Kliff Kingsbury biggest winner of Cardinals’ start to preseason

Aug 15, 2022, 6:27 PM

Head coach Kliff Kingbury of the Arizona Cardinals participants in a team training camp at State Fa...

Head coach Kliff Kingbury of the Arizona Cardinals participants in a team training camp at State Farm Stadium on August 03, 2022 in Glendale, Arizona. (Photo by Christian Petersen/Getty Images)

(Photo by Christian Petersen/Getty Images)

Generally, it doesn’t end well between me and Valley head coaches. It’s the natural order of things. They eventually fail, like most head coaches in professional sports. And they inevitably tire of my critical analysis and loudmouth. Things can get a little weird.

Vince Tobin did not appreciate the nickname, “Mr. Beige.” Larry Fitzgerald still thinks I was too harsh on his godfather, Dennis Green. And over the past two seasons, I have been extremely blunt in my ongoing evaluation of current Cardinals head coach Kliff Kingsbury.

But he sure looked good on Friday.

On my scorecard, Kingsbury was the biggest winner in a meaningless preseason win over the Bengals. His football team was orderly, hungry and focused. They scored 36 points in three quarters. They committed zero turnovers and only two penalties. He unveiled a pair of new quarterbacks, both of whom functioned at a very high level inside his offense.

It resembled the handiwork of a true offensive guru.

To be clear: Preseason football is a siren. She is not to be trusted. When the outcome doesn’t matter, the game doesn’t qualify as sport. But after a disastrous playoff loss to the Rams in January, the crisp performance certainly whets the appetite and soothes the nerves. Which means Kingsbury helped restore a much-needed sense of lift to the program.

This didn’t happen overnight.

While drama raged around Kyler Murray’s contract, DeAndre Hopkins’ suspension and Rodney Hudson’s state of mind, Kingsbury was liberated by this contentious offseason. Instead of sitting on an NFL hot seat in 2022, as many expected, he was gifted a contract extension through 2027. Many howled in disbelief at Kingsbury’s reward, present company included.

But maybe it was the validation Kingsbury needed to grow in stature. To prove he deserved one of the 32 most coveted jobs in football. The early returns are promising.

Kingsbury made Murray call plays during a training camp scrimmage. He doubled down Friday in Cincinnati, pulling Murray out of his comfort zone and making him engage completely, asking him to run the offense once again. On both occasions, Kingsbury trolled his quarterback’s suspect sideline performance, poking fun at Murray in a way that speaks volumes about their mutual growth.

Don’t think the team doesn’t notice Kingsbury’s friendly barbs. And if walls are coming down around Murray, and the rest of the group feels comfortable playfully ribbing their franchise quarterback, this team might be crossing an important threshold.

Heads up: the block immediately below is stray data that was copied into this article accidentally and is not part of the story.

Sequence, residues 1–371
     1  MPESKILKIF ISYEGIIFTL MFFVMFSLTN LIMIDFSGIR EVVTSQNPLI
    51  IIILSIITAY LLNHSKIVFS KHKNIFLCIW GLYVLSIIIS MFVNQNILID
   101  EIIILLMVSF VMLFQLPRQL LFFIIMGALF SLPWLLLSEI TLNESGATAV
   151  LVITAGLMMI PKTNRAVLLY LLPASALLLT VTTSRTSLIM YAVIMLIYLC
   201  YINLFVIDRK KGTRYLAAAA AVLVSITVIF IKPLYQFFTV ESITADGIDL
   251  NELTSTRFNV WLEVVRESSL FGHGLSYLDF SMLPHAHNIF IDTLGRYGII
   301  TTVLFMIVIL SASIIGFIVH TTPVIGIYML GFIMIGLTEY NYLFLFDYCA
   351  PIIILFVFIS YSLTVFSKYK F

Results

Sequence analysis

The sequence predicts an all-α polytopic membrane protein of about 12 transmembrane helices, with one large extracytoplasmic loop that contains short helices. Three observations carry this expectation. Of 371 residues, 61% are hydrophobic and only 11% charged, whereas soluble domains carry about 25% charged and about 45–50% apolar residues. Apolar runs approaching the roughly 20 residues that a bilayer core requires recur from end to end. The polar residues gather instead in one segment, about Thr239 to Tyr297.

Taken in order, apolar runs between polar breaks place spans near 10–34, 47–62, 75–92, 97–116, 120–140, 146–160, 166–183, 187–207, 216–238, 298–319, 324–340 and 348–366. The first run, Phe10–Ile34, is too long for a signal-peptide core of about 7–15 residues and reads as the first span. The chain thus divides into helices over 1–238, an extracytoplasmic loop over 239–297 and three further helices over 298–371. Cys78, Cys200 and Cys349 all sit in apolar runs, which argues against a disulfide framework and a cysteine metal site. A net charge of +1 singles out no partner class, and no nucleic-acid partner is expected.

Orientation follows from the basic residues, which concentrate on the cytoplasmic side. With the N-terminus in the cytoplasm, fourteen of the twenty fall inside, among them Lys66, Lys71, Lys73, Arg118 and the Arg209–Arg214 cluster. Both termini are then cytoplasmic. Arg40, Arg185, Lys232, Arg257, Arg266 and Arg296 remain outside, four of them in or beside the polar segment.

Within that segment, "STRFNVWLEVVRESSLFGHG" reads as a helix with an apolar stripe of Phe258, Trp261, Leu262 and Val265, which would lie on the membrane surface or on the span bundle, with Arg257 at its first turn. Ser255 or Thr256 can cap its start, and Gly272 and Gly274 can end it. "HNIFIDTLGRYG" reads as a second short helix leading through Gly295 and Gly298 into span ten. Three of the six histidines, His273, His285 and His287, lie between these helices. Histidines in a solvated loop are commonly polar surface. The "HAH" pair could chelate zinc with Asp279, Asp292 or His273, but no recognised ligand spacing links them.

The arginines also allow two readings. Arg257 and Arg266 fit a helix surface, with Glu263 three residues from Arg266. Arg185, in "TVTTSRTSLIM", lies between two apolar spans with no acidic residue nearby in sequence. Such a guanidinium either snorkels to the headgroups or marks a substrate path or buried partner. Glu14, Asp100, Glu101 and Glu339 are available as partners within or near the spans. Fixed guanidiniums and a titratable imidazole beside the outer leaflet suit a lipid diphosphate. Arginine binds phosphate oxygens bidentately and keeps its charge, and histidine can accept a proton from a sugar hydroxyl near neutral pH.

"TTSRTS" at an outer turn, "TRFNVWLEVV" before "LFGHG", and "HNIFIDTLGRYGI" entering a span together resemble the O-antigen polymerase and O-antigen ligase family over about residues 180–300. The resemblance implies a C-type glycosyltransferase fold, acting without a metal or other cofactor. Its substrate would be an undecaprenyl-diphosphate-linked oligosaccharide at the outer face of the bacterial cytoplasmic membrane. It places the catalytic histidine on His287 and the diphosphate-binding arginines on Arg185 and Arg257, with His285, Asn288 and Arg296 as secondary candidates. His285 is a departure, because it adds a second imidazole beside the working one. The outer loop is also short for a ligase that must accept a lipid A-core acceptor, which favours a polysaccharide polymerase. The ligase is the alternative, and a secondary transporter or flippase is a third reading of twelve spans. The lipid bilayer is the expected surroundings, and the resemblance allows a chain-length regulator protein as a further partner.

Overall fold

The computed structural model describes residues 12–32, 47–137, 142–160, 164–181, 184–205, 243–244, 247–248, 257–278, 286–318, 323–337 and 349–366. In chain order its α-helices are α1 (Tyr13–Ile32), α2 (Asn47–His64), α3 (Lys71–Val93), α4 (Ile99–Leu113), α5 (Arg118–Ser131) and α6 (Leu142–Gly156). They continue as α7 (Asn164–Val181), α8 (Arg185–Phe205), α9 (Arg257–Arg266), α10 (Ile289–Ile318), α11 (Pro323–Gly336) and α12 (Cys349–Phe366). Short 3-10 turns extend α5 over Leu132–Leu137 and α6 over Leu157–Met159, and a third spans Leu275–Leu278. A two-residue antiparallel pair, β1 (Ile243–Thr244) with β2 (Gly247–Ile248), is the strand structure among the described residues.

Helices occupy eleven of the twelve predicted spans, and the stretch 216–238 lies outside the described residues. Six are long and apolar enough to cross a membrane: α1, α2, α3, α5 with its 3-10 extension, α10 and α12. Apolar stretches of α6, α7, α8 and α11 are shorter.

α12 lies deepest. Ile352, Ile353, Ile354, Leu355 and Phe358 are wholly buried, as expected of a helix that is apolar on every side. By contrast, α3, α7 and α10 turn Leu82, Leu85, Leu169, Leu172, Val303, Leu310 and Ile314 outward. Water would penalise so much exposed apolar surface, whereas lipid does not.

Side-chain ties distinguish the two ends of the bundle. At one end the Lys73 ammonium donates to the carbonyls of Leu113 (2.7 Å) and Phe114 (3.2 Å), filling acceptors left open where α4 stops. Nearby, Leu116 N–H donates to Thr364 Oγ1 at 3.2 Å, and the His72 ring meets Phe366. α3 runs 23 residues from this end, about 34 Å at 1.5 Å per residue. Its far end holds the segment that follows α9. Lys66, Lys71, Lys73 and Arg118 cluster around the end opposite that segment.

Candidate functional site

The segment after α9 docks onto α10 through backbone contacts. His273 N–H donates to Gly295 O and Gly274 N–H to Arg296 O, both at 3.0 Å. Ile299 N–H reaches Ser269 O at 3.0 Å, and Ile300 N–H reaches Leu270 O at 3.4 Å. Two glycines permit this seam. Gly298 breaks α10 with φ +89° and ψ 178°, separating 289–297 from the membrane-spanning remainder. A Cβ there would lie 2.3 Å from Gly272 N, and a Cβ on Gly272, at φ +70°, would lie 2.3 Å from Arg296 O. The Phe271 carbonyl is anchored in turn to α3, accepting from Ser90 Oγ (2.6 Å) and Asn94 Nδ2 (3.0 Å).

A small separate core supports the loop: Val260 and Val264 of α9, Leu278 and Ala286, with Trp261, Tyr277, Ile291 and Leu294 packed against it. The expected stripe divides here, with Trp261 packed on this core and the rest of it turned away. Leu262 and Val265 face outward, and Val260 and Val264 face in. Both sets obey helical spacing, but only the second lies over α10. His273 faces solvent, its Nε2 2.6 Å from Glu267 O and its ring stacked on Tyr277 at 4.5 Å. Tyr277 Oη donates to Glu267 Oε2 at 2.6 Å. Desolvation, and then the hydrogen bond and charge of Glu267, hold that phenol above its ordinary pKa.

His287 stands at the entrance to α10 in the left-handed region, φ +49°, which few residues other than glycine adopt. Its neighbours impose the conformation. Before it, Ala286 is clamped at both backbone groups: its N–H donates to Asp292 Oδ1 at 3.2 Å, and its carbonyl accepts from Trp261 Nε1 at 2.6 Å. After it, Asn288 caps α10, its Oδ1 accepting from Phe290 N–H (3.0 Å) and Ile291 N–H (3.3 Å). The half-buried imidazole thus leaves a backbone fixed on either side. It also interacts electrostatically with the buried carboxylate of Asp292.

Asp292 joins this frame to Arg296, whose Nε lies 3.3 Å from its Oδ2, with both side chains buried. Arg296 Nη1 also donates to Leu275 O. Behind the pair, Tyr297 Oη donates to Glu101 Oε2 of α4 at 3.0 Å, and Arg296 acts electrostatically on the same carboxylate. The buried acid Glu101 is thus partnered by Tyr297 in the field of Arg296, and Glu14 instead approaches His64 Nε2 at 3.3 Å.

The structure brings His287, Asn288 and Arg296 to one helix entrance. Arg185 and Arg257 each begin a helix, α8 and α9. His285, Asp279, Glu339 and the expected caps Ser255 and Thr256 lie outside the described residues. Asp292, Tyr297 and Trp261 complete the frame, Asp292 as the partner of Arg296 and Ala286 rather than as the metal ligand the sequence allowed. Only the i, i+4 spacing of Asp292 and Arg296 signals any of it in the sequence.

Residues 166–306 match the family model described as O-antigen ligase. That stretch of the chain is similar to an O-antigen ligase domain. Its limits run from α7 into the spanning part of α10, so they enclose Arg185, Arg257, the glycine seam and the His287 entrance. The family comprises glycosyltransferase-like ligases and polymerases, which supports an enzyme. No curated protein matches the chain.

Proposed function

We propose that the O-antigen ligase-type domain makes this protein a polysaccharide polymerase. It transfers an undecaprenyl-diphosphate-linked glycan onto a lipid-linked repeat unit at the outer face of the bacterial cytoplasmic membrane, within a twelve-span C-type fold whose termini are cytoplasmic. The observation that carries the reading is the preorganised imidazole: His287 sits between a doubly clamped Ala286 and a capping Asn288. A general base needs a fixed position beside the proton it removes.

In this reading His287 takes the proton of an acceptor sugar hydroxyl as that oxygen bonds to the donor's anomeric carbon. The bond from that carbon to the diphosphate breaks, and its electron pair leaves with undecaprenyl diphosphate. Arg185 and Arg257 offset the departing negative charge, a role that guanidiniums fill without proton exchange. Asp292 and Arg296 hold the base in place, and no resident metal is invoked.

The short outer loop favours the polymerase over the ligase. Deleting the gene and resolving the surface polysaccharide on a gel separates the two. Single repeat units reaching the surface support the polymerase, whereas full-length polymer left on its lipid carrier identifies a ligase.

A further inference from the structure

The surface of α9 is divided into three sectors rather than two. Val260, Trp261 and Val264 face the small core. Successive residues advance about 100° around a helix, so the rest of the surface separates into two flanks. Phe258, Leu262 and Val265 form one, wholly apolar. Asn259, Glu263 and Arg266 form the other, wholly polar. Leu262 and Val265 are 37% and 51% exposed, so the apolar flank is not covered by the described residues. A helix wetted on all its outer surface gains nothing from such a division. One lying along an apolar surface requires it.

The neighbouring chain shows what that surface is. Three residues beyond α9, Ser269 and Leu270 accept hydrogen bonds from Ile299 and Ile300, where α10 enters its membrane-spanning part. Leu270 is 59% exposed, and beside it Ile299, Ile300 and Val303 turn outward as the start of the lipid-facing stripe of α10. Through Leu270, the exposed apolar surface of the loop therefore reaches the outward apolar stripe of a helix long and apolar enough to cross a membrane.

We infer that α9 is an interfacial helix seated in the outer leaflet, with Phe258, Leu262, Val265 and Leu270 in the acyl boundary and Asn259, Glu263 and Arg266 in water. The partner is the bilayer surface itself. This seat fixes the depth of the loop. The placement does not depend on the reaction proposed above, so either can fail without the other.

Kingsbury has also been more open and entertaining during media sessions, a sure sign of his growing comfort level. He’s twice called out a defensive player by name (Marco Wilson). His grabby cornerbacks were seen wearing oven mitts in practice as a teaching aid so they wouldn’t get flagged for holding penalties.

The little things matter because Kingsbury is a complicated subject around here. In his three years, the Cardinals have elevated from five to eight to 11 victories. They made the playoffs in 2021. Yet the progress looks better on graph paper than it does on the football field, mostly because the Cardinals have collapsed horribly in the past two seasons. They have failed miserably in high-stakes football, in playoff-clinching games. They were horribly outcoached and unprepared for a postseason clash against the Rams.

The Cardinals are betting that coaches like Kingsbury are the wave of the future: offensive-minded, player-friendly, more empowering than authoritarian. Kingsbury is not the type to scream, yell or throw you under a bus in a postgame press conference. If you are a self-starting professional, there could be no better environment.

Kingsbury is also a risky proposition because football teams are small armies. They need discipline and order to survive the hard times. When things go wrong, there must be a foundation of accountability and a commanding, unwavering voice at the top.

Kingsbury must be all of that. He must prove he can flourish in the fire, during hard times, when the pressure is suffocating, when the team is silently screaming for an alpha to lead them out of darkness. That’s the next frontier. That’s when the Coach Bro moniker disappears for good.


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